Angle in the world of photography, namely photo shoot angle who put the position Camera under certain conditions in aiming at the object. This angle will produce different photos. If one object is more interesting when photographed from a low angle, it is not certain that it will be interesting when photographed from another angle.
Various Camera Angles
There are 5 camera angles or photo angles that are often used by photographers, including:
- High Kamera Angle
- Low Kamera Angle
- Normal Kamera Angle (Eye level)
- Bird Eye View
- Over Shoulder
Framing rules are divided into 4 parts, including:
Rule Of Third
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The concept of framing where 1 frame is divided into 9 parts then the subject is placed on a horizontal / vertical line on the selected frame element (one of the 9 parts).
One poin Perspective
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The subject is placed in the center of the frame.
The distance between the topmost point and the top of the frame.
Looking / Leading Room
The empty room between the subject’s eyes and the edge of the cross frame. most of this frame composition is used to ensure the next frame with empty room in the frame.
Shot size type
There are 13 types of Shot Sizes, among others:
Extreme Wide Shot (EWS)
The subject appears very far from the frame. most are also used as established shots and used when shooting exterior.
Extreme Long Shot is also known as Extra Long Shot or Very Long Shot which is a way of taking pictures covering a very wide area with the meaning of including the subject and the situation around the main subject into the frame.
When using this shooting method, it is recommended that you look for a composition that blends between the main subject and the environmental conditions around the subject. As a result, overall everything in the picture looks like an interesting and relevant unit.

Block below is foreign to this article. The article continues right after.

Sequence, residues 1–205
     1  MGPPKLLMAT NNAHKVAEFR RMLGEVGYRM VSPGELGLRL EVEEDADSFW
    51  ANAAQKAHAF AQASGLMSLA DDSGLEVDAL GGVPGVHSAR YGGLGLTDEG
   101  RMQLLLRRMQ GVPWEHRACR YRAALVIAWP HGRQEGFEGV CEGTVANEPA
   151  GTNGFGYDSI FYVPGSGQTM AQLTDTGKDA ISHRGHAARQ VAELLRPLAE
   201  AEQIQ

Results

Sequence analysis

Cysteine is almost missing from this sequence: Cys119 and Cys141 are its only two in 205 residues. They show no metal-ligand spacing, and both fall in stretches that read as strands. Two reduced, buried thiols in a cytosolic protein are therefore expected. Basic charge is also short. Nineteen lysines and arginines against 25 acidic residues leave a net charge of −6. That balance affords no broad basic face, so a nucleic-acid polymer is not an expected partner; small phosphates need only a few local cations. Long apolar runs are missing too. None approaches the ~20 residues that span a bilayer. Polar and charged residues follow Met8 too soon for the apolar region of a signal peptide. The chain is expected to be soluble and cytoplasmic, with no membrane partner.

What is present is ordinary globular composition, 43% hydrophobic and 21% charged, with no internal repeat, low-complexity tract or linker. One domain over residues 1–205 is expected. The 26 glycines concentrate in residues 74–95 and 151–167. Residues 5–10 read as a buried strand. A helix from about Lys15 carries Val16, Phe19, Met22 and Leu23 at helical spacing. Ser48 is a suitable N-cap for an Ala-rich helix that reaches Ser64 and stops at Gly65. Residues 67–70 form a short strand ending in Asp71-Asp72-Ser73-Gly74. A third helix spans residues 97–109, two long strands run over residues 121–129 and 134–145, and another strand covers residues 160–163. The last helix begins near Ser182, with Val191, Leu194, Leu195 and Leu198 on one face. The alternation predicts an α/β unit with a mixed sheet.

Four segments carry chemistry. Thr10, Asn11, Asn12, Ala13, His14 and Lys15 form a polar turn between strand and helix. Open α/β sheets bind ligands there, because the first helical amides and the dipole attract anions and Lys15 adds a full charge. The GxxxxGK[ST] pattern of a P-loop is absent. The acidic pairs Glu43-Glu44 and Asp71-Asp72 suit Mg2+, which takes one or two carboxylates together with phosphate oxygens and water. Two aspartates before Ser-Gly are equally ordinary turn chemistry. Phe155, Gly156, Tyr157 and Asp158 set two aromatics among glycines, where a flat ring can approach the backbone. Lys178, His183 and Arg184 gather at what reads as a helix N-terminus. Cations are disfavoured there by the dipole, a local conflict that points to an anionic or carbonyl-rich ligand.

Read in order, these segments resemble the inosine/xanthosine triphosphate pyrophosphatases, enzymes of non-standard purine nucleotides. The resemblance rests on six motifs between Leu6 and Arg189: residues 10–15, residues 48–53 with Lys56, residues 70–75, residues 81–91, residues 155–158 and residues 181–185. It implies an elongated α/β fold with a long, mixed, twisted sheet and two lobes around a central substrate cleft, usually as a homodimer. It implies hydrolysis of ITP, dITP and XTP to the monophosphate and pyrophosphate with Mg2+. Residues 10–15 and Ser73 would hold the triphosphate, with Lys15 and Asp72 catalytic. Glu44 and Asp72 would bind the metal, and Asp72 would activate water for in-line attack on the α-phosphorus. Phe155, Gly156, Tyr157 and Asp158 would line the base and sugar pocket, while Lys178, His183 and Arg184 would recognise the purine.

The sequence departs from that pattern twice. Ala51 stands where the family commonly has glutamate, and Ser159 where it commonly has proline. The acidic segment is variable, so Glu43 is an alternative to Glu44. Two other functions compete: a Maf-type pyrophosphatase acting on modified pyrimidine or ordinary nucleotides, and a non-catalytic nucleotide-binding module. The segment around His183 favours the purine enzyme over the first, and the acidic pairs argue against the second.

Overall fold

Very Wide Shot (VWS)
In this shot, the subject is still visible, but the surrounding area is more prominent and can be used for exterior or interior shooting. Most show where, when, and little information about who.
In a very wide shot, the camera is set further away from the character or subject in the film than in a wide shot, but not so far away that the viewer cannot see who the character is.
In a very wide shot, the character or subject is only visible in the scene in the movie environment or setting. The extremely wide shot helps viewers adjust to the film’s setting and how the characters fit within it.
A great example of this comes from world war 2 movie “Dunkirk” during aerial combat scenes between the Allies and the Axis Powers. Wide shot, in this case, was needed to establish context for the audience so they could have full coverage of the aircraft fighting over the coast.
Wide / Long Shot
All subject/character bodies are included in the frame. Most provide more detailed information about where, when, and who (gender, dress, activity).
In this shot model, shooting only uses an area that is just right to show the whole body of the subject without being cut off by the frame.
This shot model only highlights and prioritizes the main subject and intends to highlight the subject with expressions and interactions without any body parts being cut off.
Medium Shot (MS)